The second volume of the series is complementary to the first one as it does not aim at developing the conceptual basis of broadband society and e–actor; rather, it presents a wide range of experiences of use, by different types of e–actors and in different contexts, of various forms of old and new media. It is worth noting that the authors have not deliberately focused their analysis around online and mobile social networking applications; as the original papers were written around 2007, this choice is perhaps due to the fact that these technologies were still in their infancy, and therefore could not yet determine any major impact at a societal level.

The first theme of the second volume presents two case studies that deal with the use of social software among children and in rural communities. The former contribution investigates the relationship between a group of children in Belgium and the involvement in the online community of the 3D online virtual world of Ketnet Kick. The key finding, which is in line with much research on this topic, is that a sense of community is enabled through collaboration and co–creation of content. However, children’s ultimate goal is not simply to communicate but rather to enjoy a common experience and to cooperate for a shared purpose. The framework of community co–construction is also common to the second case study from rural communities in Argentina. In this context, ICT tools are employed by NGOs for spreading innovative practices, which help overcoming geographical isolation and social exclusion. The two chapters succeed in presenting, from different angles, how new forms of ICT promote user empowerment by community involvement.

The second group of contributions investigates the diversity of experiences from a generational perspective. The three chapters dealing with this topic illustrate separate but interrelated phenomena. The first study reveals the under–use of ICT features, even in the expert community of users of scientific databases; the second critically analyzes the common assumptions on digital natives’ literacy and global scope of their interactions. The third study argues that the portraits of elderly use of digital media, which are common in the policy discourse, is based on misleading stereotypes.

The potential of ICT for sustainable development represents the third theme of the book. The first contribution takes an exploratory approach on energy consumption and climate change, while the second considers the potentially harmful impact of mobile phones on human health from the viewpoint of e–actors’ perceptions. Although quite different for the topics addressed, the chapters in this section give a glimpse on the requirements for a sustainable broadband society.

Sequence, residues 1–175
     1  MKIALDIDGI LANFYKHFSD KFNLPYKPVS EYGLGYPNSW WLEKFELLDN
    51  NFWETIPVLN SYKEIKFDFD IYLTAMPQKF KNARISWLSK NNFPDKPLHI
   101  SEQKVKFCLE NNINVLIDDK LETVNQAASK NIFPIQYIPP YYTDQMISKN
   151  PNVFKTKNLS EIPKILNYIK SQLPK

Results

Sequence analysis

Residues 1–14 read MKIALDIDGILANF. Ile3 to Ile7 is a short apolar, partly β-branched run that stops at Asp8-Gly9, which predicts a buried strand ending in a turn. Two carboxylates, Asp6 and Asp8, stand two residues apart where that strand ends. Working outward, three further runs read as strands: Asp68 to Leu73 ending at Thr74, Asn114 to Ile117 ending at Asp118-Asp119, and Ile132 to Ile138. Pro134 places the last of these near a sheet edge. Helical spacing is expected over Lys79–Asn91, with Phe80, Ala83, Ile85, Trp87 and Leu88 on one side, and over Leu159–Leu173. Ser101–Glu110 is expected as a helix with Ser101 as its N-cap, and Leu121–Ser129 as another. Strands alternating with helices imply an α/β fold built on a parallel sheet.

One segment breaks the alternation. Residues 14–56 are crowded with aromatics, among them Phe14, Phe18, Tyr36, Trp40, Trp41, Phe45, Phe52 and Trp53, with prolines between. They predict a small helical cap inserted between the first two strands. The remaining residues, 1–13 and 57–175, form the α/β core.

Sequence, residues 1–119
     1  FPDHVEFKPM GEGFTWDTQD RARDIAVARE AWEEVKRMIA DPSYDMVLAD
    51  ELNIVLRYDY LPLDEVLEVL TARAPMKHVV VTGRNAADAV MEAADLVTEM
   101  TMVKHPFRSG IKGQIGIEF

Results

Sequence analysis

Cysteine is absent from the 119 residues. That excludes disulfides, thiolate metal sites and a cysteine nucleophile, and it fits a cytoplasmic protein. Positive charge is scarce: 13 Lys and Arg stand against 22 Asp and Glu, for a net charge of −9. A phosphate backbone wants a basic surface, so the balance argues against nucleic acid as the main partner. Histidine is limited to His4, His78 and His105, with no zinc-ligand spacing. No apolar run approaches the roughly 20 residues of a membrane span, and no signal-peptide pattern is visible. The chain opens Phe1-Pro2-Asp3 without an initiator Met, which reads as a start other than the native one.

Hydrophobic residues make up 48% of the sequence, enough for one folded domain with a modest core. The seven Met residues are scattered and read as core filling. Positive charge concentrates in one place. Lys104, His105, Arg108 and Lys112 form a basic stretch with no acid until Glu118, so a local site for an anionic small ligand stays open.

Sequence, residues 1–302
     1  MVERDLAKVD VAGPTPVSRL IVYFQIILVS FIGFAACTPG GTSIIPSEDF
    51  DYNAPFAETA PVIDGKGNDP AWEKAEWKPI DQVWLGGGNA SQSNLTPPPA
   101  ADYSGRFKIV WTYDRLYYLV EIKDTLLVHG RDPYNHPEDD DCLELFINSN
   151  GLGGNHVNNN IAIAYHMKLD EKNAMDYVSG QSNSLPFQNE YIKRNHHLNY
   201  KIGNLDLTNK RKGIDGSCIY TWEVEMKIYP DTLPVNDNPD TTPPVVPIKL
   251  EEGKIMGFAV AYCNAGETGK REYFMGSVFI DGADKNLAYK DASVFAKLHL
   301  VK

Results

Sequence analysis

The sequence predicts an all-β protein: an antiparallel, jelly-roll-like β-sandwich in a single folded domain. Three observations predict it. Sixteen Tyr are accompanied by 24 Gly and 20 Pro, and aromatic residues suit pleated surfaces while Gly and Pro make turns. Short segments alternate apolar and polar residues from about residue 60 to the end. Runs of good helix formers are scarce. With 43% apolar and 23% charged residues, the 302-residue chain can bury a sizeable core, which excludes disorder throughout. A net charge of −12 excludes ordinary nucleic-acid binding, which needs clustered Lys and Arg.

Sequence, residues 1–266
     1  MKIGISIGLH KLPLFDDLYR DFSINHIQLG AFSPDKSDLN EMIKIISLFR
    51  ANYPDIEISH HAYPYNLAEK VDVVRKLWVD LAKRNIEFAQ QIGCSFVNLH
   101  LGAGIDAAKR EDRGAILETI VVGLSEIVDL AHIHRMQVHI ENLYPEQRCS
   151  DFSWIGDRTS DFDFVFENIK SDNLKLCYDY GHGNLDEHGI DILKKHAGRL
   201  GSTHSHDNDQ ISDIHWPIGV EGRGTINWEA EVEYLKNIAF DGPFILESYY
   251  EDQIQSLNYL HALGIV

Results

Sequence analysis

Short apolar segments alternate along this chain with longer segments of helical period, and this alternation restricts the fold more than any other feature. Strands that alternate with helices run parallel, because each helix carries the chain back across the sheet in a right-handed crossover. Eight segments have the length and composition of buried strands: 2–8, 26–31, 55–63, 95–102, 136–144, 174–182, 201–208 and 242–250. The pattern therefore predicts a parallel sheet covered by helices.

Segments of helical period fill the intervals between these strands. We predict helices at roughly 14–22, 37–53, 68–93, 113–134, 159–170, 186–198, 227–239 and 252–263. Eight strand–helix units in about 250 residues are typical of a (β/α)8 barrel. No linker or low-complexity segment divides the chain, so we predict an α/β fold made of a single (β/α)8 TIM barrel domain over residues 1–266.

The last two contributions of the book present new emerging research areas, which will certainly add numerous additional flavors to the multitude of experiences with the broadband society. In particular, Larissa Hjorth’s reflections on mobile and immobile media in the era of digital convergence are inspiring.

By putting together such a diverse type of contributions and through the analysis of e–actors in different contexts and from several perspectives, the authors of the series have succeeded in their purpose of describing the multiple facets of the broadband society from the viewpoint of e–actors. However, the richness and diversity of the topics hinders from recognizing the link between the proposed conceptualization and the actual experiences of e–actors. Nevertheless, there was need for a series like Participation in broadband society to strengthen, both conceptually and with specific cases, the idea that technological development cannot lead to societal development without properly acknowledging and including in all its processes the multifaceted nature, role and potential of e–actors. The series provides an added value to all academic, policy–oriented and business–oriented researchers interested in understanding the complex relationships between society and technology, and in pushing forward a broadband society with a human touch. Although there are studies from non–European countries, the series has predominantly a European focus because of the nature of the COST framework in which it has been conceived. For this reason, it is particularly appealing to all readers who want to get a better understanding of the research, challenges and experiences on the European broadband society. — Giuseppe Lugano, Science Officer for Trans–disciplinary Research, COST Office, Brussels. End of article

Copyright © 2012, First Monday.

Review of Participation in broadband society
by Giuseppe Lugano.
First Monday, Volume 17, Number 4 - 2 April 2012